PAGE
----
The film is done. Completely done. Finished. (Here it is on the big screen.) And now we enter the world...
Divided We Fall: Americans in the Aftermath will make its World Premiere on the eve of the five-year memorial of Balbir Sodhi's murder, the first "retribution" murder in the aftermath of 9/11. On Thursday, September 14, the Phoenix Sikh community will host the event in memory of Sodhi and all hate crimes victims. The evening will include a Q&A with the filmmakers (Sharat Raju and yours truly) and a dinner reception hosted by the Sodhi family. Click here for the invitation.
This event will launch us on a national film tour, where Divided We Fall will premiere in cities around the country, including New York, Boston, Los Angeles, San Francisco, Chicago, Miami, and Sacramento, as well as a UK premiere in London. After working on this film for the last five years (one-fifth of my life), I can hardly believe it.
While my team was putting the finishing touches on the movie the last couple of months, I spent the summer traveling in India. It was an extraordinary journey into a deeply religious landscape – from colorful temples in the tropical South to sacred cities hugging the Ganga in the North to the salmon pink desert cities of Rajasthan and the vast green fields of Punjab and finally the monasteries hidden in the foothill of the Himalayas. Wandering through India was my first real break since I began making the film in 2001, and it was an opportunity to put the film - and this moment in history - into perspective.
I have come to understand that suffering has always been part of this thing called life. Deep suffering, deep loss, the kind of pain that won't go away. The question is how we respond. Do we choose vengeance? Or do we chose that which is only less than vengeance - forgiveness? To me, forgiveness does not mean surrendering justice to some naive sentiment. Forgiveness can be any action that frees and protects the self without causing further unnecessary harm to the one who hurt you. I am learning to practice this form of forgiveness in my own life, but I think it can also apply to our choices in post-9/11 America.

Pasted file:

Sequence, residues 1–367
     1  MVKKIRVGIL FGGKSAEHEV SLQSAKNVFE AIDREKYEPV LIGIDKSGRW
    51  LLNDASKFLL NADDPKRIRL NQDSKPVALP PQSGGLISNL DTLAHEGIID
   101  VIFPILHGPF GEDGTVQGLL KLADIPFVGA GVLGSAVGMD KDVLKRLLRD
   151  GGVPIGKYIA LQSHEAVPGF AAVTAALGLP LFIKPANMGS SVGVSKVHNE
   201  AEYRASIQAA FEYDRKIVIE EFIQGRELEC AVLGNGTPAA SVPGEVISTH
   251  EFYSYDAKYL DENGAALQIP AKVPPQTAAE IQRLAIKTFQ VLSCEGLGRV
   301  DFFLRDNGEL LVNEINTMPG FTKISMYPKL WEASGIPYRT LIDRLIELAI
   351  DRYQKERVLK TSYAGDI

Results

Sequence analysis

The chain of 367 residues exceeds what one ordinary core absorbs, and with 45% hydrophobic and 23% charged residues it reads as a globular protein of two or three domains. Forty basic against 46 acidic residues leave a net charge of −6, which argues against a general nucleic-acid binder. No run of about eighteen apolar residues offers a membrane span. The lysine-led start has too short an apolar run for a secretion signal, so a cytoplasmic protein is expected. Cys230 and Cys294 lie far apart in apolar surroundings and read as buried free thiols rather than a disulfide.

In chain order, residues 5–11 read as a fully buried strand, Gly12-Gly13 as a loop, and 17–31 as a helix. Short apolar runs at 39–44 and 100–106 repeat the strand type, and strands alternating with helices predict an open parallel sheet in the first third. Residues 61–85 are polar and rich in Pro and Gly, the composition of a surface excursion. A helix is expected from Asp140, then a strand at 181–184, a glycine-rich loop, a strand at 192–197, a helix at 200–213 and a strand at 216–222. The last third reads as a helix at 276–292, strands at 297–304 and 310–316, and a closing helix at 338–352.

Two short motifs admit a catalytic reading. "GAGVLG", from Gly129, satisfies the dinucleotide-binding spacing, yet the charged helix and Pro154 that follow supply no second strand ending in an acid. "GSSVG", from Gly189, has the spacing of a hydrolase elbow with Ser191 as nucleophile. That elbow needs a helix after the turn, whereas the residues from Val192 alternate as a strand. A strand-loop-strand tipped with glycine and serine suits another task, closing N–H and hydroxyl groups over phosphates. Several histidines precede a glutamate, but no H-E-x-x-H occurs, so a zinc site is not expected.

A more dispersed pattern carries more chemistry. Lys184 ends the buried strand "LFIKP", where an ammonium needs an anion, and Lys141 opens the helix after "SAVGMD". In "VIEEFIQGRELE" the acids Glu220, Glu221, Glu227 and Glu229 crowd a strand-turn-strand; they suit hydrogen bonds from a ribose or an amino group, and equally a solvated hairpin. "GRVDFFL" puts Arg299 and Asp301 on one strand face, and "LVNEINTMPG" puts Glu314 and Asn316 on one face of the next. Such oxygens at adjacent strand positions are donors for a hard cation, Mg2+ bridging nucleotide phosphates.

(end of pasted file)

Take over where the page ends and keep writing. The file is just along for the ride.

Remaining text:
Can we - as a nation - carry out a war on terror that operates on a mode of forgiveness rather than the logic of reciprocity? Can we choose actions that protect ourselves without causing further unnecessary harm - both to our enemies and those who 'look' like enemies to us?
When Frank Roque was arrested after murdering Balbir Sodhi on September 15, 2001, he yelled, "I am a patriot." His actions fell into a cycle of violence: because the terrorists took American lives, Roque decided to take Sodhi's life. After Roque was apprehended, the state decided that the only fitting punishment was to take his life and sentenced him to death in 2003.
Then it changed its mind. Last month, the Arizona court commuted Roque's death sentence to life imprisonment, citing low IQ and possible mental disorders. I don't agree with the reasons- the calculated reasoning in Roque's murder outweighs the defenses of illness or poor intelligence to me - but I recognize that the decision ends one particular cycle of killing. His punishment is now less than vengeance - it protects society and hopefully frees the family and community without inflicting further unnecessary violence.
Five years after 9/11, my hope is that our film can contribute to an ongoing discussion on how we choose to respond to violence. Through untold stories of hate violence after 9/11, our film explores ‘who counts’ as American in times of crisis, and by extension, who is granted respect and dignity. In this case, perhaps the recognition of Muslim and Sikh faces as ‘American’ would keep fear from steering us to vengeance and bring us one step closer toward a more perfect union.
When I travel to Phoenix with the film next week, I will see the Sodhi family once again. I have interviewed them countless times over the past five years, each time leaving with “it will be ready in six months,” “…twelve months,” “…next year for sure.” This time, the film will be done. Completely done. Finished. And ready to enter the world – the web of relations where our stories are ongoing.
The film will now become part of other peoples’ stories. I am deeply grateful that its official debut can honor Balbir Sodhi’s memory and the strength and resilience of his family and community. They are among the countless Americans whose lives have been damaged after 9/11 and who continue to rebuild. Even forgive.
[This entry is cross-posted on "Into the Whirlwind."]
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